The Antarctican language has many regional varieties, mainly distinguished by vocabulary (borrowed from other local languages spoken in the area). It is much less common for regional varieties of Antarctican to differ in their syntax and phonology. Indeed, the local languages spoken across Antarctica almost always share certain syntactic and phonological features, forming a very strong Sprachbund[*]. Even though most of these languages are descended from completely unrelated languages from across the world, over time, they have converged to acquire certain areal features. Some examples of these are:
- A pitch register system Register[*].
- Consonant voicing only being phonemic under certain specific conditions. In particular, a total lack of phonemic voicing of non-coronal fricatives.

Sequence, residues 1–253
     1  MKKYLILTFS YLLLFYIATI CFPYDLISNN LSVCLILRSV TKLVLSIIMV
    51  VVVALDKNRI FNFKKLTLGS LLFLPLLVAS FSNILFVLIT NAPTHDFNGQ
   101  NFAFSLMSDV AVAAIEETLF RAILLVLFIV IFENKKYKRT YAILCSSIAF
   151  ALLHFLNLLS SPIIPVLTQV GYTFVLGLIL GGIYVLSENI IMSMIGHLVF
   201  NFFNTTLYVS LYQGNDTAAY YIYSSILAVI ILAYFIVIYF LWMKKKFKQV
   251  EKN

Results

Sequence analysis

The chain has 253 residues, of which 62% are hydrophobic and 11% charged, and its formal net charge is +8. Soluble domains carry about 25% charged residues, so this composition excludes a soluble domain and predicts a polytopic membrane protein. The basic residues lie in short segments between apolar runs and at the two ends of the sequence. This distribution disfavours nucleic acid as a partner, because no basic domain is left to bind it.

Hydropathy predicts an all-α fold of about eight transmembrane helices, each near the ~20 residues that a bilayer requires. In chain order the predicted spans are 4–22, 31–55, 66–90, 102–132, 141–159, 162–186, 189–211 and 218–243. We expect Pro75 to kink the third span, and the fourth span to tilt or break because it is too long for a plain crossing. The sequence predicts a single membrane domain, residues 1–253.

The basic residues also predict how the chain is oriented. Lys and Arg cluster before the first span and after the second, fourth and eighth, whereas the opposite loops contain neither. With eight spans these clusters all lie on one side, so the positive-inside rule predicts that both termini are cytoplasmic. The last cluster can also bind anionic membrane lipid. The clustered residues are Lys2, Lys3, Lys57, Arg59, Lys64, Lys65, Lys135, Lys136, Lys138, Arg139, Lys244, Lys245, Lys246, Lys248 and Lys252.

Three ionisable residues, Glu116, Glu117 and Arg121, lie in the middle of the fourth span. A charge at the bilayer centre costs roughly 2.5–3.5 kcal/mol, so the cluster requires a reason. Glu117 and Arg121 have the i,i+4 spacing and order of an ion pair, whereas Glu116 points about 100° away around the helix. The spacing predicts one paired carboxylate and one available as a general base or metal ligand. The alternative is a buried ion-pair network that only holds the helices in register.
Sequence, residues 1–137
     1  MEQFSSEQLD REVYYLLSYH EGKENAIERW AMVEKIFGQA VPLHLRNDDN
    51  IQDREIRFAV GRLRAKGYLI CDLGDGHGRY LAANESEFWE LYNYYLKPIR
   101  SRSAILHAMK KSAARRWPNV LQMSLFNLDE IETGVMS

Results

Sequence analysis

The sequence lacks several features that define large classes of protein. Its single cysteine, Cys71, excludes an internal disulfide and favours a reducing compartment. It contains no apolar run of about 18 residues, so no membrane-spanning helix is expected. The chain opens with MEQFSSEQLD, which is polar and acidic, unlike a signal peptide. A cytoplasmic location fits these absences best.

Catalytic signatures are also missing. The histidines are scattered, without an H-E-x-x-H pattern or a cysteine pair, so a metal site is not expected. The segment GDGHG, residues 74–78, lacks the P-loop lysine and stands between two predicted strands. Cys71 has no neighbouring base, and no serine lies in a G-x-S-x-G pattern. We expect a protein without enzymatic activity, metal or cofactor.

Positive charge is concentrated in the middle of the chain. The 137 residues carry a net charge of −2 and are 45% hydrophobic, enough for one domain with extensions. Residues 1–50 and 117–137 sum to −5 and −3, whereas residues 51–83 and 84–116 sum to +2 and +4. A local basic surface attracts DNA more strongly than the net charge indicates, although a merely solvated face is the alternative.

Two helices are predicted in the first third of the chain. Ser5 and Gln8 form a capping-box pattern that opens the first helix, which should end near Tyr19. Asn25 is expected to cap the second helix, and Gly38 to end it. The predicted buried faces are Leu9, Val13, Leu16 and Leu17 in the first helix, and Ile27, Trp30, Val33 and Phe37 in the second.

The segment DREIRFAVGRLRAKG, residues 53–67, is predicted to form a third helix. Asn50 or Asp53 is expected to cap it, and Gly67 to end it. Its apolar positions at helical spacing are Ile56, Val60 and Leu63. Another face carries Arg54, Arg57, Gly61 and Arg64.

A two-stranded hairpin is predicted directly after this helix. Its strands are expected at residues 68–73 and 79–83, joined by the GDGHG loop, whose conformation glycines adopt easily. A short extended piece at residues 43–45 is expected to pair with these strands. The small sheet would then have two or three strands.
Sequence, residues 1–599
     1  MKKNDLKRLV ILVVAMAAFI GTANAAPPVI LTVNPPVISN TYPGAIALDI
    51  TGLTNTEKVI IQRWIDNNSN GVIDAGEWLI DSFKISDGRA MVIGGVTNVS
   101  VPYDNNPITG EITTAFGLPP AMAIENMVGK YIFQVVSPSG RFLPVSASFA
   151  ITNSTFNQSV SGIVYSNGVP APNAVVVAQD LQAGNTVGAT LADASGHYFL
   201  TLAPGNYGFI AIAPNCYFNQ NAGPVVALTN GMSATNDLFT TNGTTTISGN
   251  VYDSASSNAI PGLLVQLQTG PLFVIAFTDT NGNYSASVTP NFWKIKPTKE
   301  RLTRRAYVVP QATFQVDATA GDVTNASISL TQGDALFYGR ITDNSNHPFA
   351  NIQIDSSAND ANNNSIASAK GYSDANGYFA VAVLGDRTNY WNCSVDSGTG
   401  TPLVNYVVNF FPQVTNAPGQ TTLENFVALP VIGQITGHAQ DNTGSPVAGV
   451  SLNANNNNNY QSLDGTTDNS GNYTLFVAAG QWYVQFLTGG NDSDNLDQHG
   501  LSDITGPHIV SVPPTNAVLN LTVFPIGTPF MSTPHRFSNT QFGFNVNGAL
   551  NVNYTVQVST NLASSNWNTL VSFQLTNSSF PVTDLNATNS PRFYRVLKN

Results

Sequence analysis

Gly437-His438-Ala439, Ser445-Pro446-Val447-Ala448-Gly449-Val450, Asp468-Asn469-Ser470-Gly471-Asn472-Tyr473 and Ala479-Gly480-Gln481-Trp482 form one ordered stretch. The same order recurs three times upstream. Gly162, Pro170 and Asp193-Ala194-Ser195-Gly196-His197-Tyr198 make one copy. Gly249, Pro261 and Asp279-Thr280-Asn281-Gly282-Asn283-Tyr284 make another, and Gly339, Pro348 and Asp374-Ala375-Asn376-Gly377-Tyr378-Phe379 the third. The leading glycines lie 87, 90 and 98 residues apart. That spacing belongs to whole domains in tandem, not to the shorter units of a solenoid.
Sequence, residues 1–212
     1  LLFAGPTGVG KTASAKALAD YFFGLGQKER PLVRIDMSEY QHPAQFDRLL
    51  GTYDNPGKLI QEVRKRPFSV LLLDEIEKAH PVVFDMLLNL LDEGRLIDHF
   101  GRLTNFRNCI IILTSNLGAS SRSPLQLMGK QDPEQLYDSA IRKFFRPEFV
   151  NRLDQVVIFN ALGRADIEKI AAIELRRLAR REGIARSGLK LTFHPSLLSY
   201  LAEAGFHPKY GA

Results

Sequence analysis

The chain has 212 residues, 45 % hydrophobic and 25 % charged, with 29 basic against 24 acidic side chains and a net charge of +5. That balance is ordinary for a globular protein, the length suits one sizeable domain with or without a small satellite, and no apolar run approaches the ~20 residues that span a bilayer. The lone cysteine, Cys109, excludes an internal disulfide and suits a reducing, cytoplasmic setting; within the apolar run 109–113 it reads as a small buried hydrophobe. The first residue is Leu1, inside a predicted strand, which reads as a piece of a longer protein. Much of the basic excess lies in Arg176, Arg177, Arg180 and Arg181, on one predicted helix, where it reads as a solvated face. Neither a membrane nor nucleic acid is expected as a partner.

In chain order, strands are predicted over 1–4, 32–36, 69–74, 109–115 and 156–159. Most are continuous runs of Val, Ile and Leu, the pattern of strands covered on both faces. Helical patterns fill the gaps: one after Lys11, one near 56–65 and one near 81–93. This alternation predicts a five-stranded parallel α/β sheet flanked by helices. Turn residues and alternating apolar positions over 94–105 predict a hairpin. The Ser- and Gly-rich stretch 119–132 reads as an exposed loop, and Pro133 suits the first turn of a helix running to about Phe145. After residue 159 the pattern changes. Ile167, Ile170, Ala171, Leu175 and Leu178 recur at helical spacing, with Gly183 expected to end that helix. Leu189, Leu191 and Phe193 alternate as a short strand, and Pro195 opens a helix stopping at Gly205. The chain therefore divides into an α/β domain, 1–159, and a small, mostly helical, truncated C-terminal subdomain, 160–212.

- Some kind of fortis / lenis contrast in obstruents, which often interacts with the pitch register system in some way. This contrast may be glottalisation (ejective or implosive), gemination or aspiration.
- Two sets of nasal consonants (this can be plain vs. prestopped, or involve a voicing contrast).
- A very restricted range of syllable shapes.
- Ergative-absolutive case marking on nouns (if any is present at all).
- A complete lack of number agreement on verbs, and no comprehensive marking of plurality on nouns (only ever specific categories of nouns).
- Tense and aspect are not consistently marked on verbs, if they are marked at all.
- A lack of infinitive verb forms. Antarctican languages use a variety of ways to compensate for this.
- Transitivity marked on verbs.
- Syntactic ergativity.
- Topic-comment structure to sentences.
- Inclusive and exclusive 'we', with no distinction made between exclusive 'we' and 'I'.
- Head initial syntax.